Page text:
Never Get a Promotion Again: I Can Only Hope

Along the lines of my post the other day “Why I’ll Never Ask for a Raise,” today I decided I really don’t want an increase in job title ever again. While I’m sad that my earning potential is likely at its plateau for the rest of my working career, minus a few cost-of-living raises here and there, I’m fairly set on the reality that my abilities stop at this level.

What I’m not is a manager of a big team. I’m not someone who sets strategies and has other people do the work. I do the work. And that’s ok. It’s ok, because I feel in control of the output. And I don’t want to take credit for anyone else’s contributions. The best way I can help an organization is by getting shit done. My biggest challenge is not overcommitting, and focusing on adding value doing what I do best.

I’ll never be a true rockstar either, but I just want to maintain my job. Even at this level, I’m incredibly stressed and afraid I won’t be able to remain employed. As long as I keep contributing and keep my head down, maybe it will be ok. I care a lot. Maybe too much. I just want the team to see me as a highly-valuable player. I’m not a leader. I don’t want to be a leader.

It’s tough to see the next 30 years of my working life “stuck” at this level, because we’re taught we should be trying to get ahead and climb the corporate ladder. The cost of living here is ridiculous and in order to afford it, a VP title and the comp that comes with it would be more than helpful. But, what can I do? That’s not me. And it isn’t everyone. Not everyone can be a VP.

I wonder if I will feel the same way in 5-10 years. I think I will. Then, I’ll have a child in elementary school and, possibly, one even younger. Why would I want to be in a more senior role then? With all that pressure. And the women VPs I know seem to have to swim harder and faster to stay afloat. Because they still do everyone’s dirty work but then have to play ball. The men can just sit back and manage. I don’t have the ability to play that game. Why should I want to or try to?

The money.

Yes, it all comes back to the money.  The fantasy that I can afford that $7000 a month mortgage payment for a basic home with a backyard. The endless hours wasted on Zillow and Redfin admiring homes within a reasonable driving distance of my office and in an area with good schools and nice parks and all that.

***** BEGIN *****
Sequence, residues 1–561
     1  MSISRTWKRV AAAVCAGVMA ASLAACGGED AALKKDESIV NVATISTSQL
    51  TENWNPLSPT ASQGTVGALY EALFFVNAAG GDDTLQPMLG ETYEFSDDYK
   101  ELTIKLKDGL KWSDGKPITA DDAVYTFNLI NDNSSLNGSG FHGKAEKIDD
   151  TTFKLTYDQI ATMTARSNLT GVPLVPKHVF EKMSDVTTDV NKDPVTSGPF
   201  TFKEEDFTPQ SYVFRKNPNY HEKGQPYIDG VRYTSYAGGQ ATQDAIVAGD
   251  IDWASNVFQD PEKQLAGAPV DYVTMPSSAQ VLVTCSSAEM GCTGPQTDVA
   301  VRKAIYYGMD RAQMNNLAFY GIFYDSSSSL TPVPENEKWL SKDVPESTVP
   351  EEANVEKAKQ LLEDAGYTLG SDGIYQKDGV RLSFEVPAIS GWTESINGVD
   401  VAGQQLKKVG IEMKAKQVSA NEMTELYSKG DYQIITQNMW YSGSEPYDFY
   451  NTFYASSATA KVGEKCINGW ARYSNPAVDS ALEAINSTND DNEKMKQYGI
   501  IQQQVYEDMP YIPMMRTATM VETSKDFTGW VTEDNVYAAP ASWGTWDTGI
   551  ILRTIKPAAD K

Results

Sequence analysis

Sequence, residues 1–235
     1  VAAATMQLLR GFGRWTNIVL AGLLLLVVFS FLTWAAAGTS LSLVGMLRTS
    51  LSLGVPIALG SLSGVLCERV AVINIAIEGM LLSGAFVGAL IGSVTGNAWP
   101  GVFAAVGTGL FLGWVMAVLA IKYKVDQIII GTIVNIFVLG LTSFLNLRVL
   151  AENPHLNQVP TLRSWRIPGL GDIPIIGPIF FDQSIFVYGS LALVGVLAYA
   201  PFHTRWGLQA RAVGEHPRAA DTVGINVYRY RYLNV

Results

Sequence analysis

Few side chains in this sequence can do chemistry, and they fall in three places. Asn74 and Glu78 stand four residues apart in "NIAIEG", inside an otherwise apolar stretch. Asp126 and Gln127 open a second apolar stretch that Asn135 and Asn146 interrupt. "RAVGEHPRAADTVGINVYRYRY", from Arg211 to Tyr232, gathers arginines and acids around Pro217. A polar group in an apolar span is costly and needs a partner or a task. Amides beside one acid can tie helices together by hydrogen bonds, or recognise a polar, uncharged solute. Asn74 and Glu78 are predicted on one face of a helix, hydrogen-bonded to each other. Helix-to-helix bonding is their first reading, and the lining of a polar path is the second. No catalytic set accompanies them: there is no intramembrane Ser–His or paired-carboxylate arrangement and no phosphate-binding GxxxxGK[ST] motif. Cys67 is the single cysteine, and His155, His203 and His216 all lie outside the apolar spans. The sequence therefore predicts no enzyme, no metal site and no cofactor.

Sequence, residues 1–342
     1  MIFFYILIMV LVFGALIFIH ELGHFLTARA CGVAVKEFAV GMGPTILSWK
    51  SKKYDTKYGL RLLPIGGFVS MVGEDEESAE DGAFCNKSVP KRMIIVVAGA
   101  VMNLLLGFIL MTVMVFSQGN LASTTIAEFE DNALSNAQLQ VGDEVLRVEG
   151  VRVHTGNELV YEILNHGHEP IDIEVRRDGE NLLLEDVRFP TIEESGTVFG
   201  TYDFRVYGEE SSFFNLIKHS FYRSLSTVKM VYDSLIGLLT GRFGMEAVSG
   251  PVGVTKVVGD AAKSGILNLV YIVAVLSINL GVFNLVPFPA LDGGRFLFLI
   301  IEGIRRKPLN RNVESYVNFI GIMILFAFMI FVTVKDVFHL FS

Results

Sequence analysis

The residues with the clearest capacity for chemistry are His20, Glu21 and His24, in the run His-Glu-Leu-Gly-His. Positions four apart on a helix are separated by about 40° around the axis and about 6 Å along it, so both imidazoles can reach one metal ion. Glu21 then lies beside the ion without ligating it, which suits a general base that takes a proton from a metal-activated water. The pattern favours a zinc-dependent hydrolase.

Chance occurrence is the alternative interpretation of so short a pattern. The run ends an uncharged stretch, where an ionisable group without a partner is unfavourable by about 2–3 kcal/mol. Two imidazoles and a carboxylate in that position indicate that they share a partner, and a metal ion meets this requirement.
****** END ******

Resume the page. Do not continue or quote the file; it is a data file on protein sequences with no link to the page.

I still don’t want a promotion. I don’t want more expectations. I’m struggling as it is. Maybe people don’t know how much. Maybe they do. Everyone knows I’m doing too much. I take on too much. But then there are projects that get finished that are meaningful. There is the opportunity to show what I can do. It’s not like my last few jobs when I couldn’t catch my breath. In a bigger company, people are expected to focus and do less, but there’s still so much to do. I do what I can. I try to not be annoying. I try to bite my lip when I know I have an idea that everyone might not like. I smile and nod and say yes and do what I’m told. I know that isn’t the right behavior to be promoted to senior leadership. But who cares.

I mean, I’m sort of in senior leadership, but then I’m not really, because I have no one who reports to me and I’m very much an independent contributor with no clear path for growth. And I don’t care but I do care. I do care because I wonder what it means when I’m in the same company in the same role four years later. Is that a huge success? For me, probably. In the corporate world, that’s pretty bad–four years without a promotion. But, is it? Or, is it ok to just stay in the same exact position–same level, same responsibilities, same pay for the rest of my working years?

I just know I won’t ask for a promotion or raise ever again. I’m unsure if I’m offered one, if I’d find the gumption to turn it down. But that’s an issue for, maybe, two years down the road, if I still have a job. I’m fighting hard to keep this one. I may not be everyone’s favorite coworker and I may never make friends at the office but at the very least I’m not on everyone’s “fire first” list, for now. My job, my only job, is to keep myself off that list. I can’t avoid mass layoffs, of course, but no more getting fired. No more being told “you’re really good at your job but you suck at communication and we’re letting you go.” No more, “you overcommit and the shit you get done is great but you don’t get enough shit done on time.” Yea, ok, so that’s old me. And, it’s still a bit of current me. But I’m trying really hard for it not to be. I’m trying to focus on my best qualities — I like to help other people. I enjoy teaching new employees how things work. I’ll be that person everyone thinks of as not a leader, but that person you want on your team, even if they’re kind of weird and you wouldn’t invite them to a dinner party. Woohoo, that’s me.

So, maybe there’s a good 4 years, or 6 years, or 10 years of this that I can maintain. Hold my breath. Get my work done. Try to come up with good enough ideas that make me worth keeping around. I do wish I had a career where this wasn’t the actual goal–to survive–but that’s my life and I will fight to survive this. I have more reason to now, with a child the way. This isn’t for me anymore. It’s for him.

 

 

 

 

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One comment

  1. I’ve been in the same co and same role for the last 5 years. Think of it as working in a govt job. What’s so bad with stability? Gives me freedom to travel and take time off without pressure of project oriented timelines. Transactional work are great mom jobs. Never highly paid but stop thinking about it at day end. #greatmomjobs

    Anyways, maybe that other coworker who had a baby is secretly looking for an ally. I bet she felt the same things you are going thru now when she set precedence for employees shipping humans instead of code in the co.

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